“In sum, the existing legal and institutional framework of the customs union translates into an overall relationship of general dependency both economically and politically of Turkey upon the EU. Turkey is obliged to adopt a considerable part of the acquis in several fields and to align its custom and commercial legislation with the EU legislation, without involvement in the EU’s external trade decision-making processes with regard to negotiating free trade agreements with third parties. Without setting out a binding roadmap to membership these systemic weaknesses undermine the legitimacy of the relationship and creates for Turkey a sovereignty shortfall. The obligation to align with the preferential agreements of the Community is coupled with the obligation not to participate to other free trade agreements.”

It is worth noting that Turkey has a looser form of customs union than many advocate for the UK, notably excluding farm produce. Is an even deeper form of this type of customs union really the sort of relationship with the EU that the British Government should be negotiating? In such circumstances, which would almost certainly see the UK contribute to costs, vassalage would be an accurate description, not an overblown term.

Meanwhile, in the furtherance of this ‘softer’ Brexit, or stopping it altogether, a number of remain MPs is bent on subverting centuries of procedure and precedent to wrest control of House business in order to pass legislation to prevent ‘no deal’ by revoking Article 50. Due process is a hallmark of our stable and predictable system, which at times throws up frustrating results – as indeed the Government found when the Supreme Court ruled in favour of Gina Miller. Yet its reaction was not to try to subvert due process, but instead to get on with passing the relevant Act to satisfy the situation. Parliament should not become the executive.

In their actions, remain MPs claim to be asserting the views of a majority of their colleagues who do not want a ‘no deal’/WTO Brexit, blind to the fact that this is the default outcome of their own votes in March 2017 to trigger Article 50 with a majority of 384. Indeed, the remain MPs supporting these attempts seem not only to believe that people did not know what they were doing in the referendum, but now also seem to believe that MPs did not know what they were doing when triggering Article 50.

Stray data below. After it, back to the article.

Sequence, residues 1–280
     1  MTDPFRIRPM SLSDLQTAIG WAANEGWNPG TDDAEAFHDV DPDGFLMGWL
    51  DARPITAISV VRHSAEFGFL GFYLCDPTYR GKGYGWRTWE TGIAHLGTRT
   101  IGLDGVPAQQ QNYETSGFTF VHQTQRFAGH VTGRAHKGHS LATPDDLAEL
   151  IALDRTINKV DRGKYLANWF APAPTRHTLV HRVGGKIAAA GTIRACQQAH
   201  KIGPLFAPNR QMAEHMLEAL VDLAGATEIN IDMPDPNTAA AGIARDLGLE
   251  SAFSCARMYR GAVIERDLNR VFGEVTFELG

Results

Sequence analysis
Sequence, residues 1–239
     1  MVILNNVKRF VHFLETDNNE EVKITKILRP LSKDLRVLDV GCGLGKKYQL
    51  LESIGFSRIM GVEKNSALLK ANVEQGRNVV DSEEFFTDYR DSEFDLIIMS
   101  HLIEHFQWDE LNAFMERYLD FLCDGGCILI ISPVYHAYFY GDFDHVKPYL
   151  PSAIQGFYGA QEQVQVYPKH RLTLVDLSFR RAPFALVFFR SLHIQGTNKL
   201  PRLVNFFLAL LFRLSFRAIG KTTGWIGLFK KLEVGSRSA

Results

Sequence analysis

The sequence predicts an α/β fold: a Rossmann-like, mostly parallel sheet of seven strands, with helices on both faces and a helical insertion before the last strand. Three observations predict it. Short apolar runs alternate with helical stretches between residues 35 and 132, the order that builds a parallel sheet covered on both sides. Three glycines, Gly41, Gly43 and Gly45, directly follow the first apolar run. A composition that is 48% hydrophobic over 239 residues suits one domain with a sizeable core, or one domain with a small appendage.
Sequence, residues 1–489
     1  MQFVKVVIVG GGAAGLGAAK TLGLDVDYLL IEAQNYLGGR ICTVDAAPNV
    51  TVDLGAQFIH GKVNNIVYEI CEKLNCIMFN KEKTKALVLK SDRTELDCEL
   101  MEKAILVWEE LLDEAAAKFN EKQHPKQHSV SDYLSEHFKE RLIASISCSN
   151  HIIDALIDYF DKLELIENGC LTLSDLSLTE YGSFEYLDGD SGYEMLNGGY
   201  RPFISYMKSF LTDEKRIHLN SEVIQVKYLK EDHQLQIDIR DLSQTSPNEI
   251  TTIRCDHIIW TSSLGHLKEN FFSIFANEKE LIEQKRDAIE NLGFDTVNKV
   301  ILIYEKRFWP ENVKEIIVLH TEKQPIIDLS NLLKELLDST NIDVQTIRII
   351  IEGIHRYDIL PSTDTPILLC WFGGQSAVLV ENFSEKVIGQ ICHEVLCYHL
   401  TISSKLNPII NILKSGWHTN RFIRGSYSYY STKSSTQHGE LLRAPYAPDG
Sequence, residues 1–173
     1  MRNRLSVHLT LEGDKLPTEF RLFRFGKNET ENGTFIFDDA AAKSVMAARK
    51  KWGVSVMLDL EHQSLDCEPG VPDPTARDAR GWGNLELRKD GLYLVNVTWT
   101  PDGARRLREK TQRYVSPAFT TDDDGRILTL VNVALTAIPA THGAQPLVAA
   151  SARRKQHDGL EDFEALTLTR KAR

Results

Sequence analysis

A good deal is preferable to no deal, but dire predictions about leaving on WTO terms should be taken with a pinch of salt – just as the dire predictions should we vote to leave the EU in 2016 proved to be so false. This line of argument ignores the fact that investment is about comparative advantage. Lower taxes, more flexible labour practises, top universities, and a skilled workforce are just some of the factors that outweigh 3-5 per cent average WTO tariffs. The UK’s record low unemployment record, high manufacturing output and record inward investment is testament to this despite the perceived concern about exiting on WTO terms. We profitably trade with the rest of the world outside the EU on essentially WTO terms.

Commerce and common sense usually prevails, and will once again prevail especially with regard to the Irish border. There are tentative signs over the last week that the penny is dropping with the EU, especially in Dublin, that they may be trapped by their own rhetoric into constructing a ‘hard border’ on the island of Ireland. This is why Michel Barnier’s recent comments that, in a WTO situation, ‘we’ll have to find an operational way of carrying out checks and controls without putting back in place a border’ are promising; certainly, these sound very much like the innovative technological solutions proposed by Brexiteers over the last two years. Further commentary from the Germans and the Poles also suggests possible fractures in their approach.

This phase of the game of chess is drawing to a close – indications suggest most players are moderating their positions. I continue to hope that the Prime Minister will be able to secure some legal assurances on the backstop, and will consider any solution compatible with the sensible ‘red lines’ the Government has drawn up.